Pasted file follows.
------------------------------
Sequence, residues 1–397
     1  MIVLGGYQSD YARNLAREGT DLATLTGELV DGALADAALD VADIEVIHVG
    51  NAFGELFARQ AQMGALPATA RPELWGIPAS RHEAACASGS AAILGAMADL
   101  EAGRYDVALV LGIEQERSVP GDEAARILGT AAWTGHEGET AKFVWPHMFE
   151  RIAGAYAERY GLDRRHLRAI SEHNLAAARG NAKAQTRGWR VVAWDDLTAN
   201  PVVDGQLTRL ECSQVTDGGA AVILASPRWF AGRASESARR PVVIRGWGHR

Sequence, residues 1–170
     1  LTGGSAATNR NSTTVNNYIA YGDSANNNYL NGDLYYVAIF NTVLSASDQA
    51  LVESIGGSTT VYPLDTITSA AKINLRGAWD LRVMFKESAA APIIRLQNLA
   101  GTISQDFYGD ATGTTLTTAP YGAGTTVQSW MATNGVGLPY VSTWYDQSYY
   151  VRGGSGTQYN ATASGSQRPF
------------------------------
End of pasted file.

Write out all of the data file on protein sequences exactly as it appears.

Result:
Sequence, residues 1–397
     1  MIVLGGYQSD YARNLAREGT DLATLTGELV DGALADAALD VADIEVIHVG
    51  NAFGELFARQ AQMGALPATA RPELWGIPAS RHEAACASGS AAILGAMADL
   101  EAGRYDVALV LGIEQERSVP GDEAARILGT AAWTGHEGET AKFVWPHMFE
   151  RIAGAYAERY GLDRRHLRAI SEHNLAAARG NAKAQTRGWR VVAWDDLTAN
   201  PVVDGQLTRL ECSQVTDGGA AVILASPRWF AGRASESARR PVVIRGWGHR

Sequence, residues 1–170
     1  LTGGSAATNR NSTTVNNYIA YGDSANNNYL NGDLYYVAIF NTVLSASDQA
    51  LVESIGGSTT VYPLDTITSA AKINLRGAWD LRVMFKESAA APIIRLQNLA
   101  GTISQDFYGD ATGTTLTTAP YGAGTTVQSW MATNGVGLPY VSTWYDQSYY
   151  VRGGSGTQYN ATASGSQRPF